Thomas Lumley blogs at Stats Chat:
From a Retail New Zealand Media Fact Kit
“The amount New Zealanders spend on goods from foreign websites is approaching $1.5 billion and this number is growing all the time.”
Since $1.5 billion would be approaching $900 per household (1.68 million households according to StatsNZ), I assume it includes quite a few business purchases as well. For these, any increase in GST on the purchase would later be deducted from the business’s GST liability, leaving a net zero.
For non-business purchases, some of that GST is already payable under current law (if the total value of a single package is over $400). Some would still not be payable if the threshold was lowered to $25. Also, some might not be payable and definitely would not be easily collectable at the border because the purchase is an electronic download — e-books or music, for example.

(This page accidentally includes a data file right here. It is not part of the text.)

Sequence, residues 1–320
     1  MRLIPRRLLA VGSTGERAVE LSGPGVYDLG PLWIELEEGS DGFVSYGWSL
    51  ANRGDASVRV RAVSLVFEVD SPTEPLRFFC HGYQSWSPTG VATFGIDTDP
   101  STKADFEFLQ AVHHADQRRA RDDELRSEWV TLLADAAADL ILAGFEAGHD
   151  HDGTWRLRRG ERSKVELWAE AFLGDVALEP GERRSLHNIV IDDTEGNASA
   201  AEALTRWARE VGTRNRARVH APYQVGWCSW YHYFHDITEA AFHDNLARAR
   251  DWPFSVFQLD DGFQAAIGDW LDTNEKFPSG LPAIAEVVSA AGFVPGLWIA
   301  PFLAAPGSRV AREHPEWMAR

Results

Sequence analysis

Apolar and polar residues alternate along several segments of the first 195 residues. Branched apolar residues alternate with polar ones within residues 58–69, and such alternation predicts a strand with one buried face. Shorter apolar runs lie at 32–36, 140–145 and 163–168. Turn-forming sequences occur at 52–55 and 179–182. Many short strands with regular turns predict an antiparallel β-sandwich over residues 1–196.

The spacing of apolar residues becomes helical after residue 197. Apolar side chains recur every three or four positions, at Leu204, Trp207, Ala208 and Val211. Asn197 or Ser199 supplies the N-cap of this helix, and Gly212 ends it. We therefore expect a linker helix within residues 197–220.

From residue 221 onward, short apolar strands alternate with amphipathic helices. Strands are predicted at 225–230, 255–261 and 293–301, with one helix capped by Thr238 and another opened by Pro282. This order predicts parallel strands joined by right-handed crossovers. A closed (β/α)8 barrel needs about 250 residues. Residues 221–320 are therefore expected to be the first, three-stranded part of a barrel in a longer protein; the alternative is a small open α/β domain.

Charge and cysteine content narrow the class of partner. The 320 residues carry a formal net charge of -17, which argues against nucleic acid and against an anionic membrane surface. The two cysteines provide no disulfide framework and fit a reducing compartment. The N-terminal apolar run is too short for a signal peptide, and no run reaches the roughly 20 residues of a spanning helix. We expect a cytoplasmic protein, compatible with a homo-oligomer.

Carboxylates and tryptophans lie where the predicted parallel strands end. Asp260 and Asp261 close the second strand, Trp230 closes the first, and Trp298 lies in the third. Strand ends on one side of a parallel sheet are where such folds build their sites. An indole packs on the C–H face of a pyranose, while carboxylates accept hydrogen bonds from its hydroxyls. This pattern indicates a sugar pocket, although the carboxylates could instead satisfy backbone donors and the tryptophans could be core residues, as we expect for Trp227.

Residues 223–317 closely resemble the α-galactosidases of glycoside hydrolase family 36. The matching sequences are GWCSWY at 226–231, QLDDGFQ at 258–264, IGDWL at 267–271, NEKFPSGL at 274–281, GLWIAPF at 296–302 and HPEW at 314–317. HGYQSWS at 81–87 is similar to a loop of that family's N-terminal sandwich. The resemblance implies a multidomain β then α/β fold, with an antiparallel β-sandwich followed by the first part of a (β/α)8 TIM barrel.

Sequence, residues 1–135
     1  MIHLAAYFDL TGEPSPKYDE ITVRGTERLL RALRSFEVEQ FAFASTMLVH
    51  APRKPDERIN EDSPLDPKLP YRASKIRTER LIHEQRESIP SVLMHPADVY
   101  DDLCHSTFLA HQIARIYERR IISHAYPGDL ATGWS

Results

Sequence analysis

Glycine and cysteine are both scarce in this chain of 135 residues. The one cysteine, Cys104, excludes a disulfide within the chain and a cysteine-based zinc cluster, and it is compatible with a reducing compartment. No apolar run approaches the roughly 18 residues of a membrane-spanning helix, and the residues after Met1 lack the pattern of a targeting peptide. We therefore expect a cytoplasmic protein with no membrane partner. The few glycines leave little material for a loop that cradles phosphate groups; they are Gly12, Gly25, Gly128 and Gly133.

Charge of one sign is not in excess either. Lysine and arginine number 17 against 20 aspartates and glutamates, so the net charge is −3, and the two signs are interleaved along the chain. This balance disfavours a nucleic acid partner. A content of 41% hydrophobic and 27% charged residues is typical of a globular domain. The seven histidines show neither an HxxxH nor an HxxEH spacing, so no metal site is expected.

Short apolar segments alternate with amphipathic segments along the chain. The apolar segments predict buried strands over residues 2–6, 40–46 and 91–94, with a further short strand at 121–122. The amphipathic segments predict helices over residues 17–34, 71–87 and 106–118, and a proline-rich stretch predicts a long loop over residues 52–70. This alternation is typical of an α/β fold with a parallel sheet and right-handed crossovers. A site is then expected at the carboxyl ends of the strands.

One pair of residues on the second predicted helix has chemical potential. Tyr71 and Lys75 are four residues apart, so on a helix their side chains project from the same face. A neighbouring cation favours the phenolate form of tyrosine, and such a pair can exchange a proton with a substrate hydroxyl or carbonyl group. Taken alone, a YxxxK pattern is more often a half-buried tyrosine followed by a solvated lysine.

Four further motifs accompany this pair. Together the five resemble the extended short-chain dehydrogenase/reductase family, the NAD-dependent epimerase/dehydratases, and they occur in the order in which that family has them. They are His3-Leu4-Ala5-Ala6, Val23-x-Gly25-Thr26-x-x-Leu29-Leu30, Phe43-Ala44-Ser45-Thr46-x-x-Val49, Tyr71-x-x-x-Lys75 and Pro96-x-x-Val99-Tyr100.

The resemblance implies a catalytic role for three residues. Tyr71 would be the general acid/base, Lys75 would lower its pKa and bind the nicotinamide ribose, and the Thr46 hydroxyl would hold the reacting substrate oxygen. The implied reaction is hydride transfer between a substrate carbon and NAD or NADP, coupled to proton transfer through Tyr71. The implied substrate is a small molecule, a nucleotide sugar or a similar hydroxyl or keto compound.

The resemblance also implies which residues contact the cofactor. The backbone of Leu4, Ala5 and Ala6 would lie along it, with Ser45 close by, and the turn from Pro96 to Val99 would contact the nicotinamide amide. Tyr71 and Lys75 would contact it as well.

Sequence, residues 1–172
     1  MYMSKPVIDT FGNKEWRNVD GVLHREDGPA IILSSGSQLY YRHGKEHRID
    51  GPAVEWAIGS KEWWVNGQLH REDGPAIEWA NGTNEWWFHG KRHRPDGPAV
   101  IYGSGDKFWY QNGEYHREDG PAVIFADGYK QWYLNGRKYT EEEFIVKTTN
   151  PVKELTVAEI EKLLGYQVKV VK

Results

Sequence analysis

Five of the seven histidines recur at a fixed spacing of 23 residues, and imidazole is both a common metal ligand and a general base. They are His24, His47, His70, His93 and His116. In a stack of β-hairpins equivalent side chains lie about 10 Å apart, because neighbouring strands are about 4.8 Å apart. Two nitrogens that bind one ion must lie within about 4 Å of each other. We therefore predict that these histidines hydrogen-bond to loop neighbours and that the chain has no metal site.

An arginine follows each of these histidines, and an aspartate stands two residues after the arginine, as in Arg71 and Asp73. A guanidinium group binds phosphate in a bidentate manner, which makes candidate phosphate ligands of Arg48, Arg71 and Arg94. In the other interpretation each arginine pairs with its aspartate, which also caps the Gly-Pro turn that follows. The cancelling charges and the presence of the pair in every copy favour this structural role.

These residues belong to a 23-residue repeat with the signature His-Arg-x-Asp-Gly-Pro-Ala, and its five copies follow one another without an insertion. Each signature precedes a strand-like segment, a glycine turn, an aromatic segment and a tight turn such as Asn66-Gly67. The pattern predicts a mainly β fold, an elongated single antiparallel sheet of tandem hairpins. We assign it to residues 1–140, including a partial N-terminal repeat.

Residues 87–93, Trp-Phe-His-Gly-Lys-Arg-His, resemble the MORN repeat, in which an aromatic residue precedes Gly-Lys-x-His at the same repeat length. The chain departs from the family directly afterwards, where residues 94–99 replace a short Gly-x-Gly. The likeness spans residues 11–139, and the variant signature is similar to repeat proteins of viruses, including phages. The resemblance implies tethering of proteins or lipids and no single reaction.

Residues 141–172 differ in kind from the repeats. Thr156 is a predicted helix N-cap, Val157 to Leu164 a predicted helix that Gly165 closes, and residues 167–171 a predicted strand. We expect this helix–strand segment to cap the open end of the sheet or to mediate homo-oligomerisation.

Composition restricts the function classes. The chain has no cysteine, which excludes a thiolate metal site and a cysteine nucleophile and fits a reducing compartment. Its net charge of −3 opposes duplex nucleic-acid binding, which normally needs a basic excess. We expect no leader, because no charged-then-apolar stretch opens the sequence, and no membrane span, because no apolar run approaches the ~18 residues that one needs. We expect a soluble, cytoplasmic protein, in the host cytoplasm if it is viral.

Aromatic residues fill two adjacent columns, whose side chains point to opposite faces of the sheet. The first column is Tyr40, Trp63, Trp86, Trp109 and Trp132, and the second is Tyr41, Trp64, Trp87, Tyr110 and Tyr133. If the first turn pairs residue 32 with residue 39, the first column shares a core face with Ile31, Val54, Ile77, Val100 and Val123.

Putting all these together, the potential increase in revenue has to be less than 15% of $1.5 billion, though it’s hard to say how much less.
So the absolute most is $225 million but it could be much less than that.
The Media Fact Kit says
“The Government misses out on at least $200 million in tax (maybe as much as $500 million) every year”
Based on their expenditure numbers, that doesn’t look plausible.
So don’t believe their claims.
One of the differences between a Treasury Regulatory Impact Statement and a “Fact Kit” from a lobby group is that the numbers in the RIS have to add up and the document needs to give sources. If, as Radio New Zealand reports, there will be a proposal for Cabinet this month, we might be able to get some real numbers about the likely revenue and costs, and perhaps even how the economic impact would compare to other ways of raising taxes.
If the Government drops the threshold to a level that means books and minor purchases get detained by Customs, then the compliance costs will chew up a lot of that revenue – and piss off a lot of New Zealanders.